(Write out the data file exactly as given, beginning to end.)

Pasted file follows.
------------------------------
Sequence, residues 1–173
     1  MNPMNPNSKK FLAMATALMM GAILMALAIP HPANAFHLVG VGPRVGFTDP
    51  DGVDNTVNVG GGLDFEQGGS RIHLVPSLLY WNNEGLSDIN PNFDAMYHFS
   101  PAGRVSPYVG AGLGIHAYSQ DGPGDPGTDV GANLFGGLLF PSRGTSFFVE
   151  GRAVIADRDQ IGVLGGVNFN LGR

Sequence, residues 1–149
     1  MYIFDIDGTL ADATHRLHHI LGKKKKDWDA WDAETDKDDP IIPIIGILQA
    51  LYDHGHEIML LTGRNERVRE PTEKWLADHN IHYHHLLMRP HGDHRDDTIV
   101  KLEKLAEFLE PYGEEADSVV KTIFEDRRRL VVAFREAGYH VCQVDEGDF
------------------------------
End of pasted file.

Sequence, residues 1–173
     1  MNPMNPNSKK FLAMATALMM GAILMALAIP HPANAFHLVG VGPRVGFTDP
    51  DGVDNTVNVG GGLDFEQGGS RIHLVPSLLY WNNEGLSDIN PNFDAMYHFS
   101  PAGRVSPYVG AGLGIHAYSQ DGPGDPGTDV GANLFGGLLF PSRGTSFFVE
   151  GRAVIADRDQ IGVLGGVNFN LGR

Sequence, residues 1–149
     1  MYIFDIDGTL ADATHRLHHI LGKKKKDWDA WDAETDKDDP IIPIIGILQA
    51  LYDHGHEIML LTGRNERVRE PTEKWLADHN IHYHHLLMRP HGDHRDDTIV
   101  KLEKLAEFLE PYGEEADSVV KTIFEDRRRL VVAFREAGYH VCQVDEGDF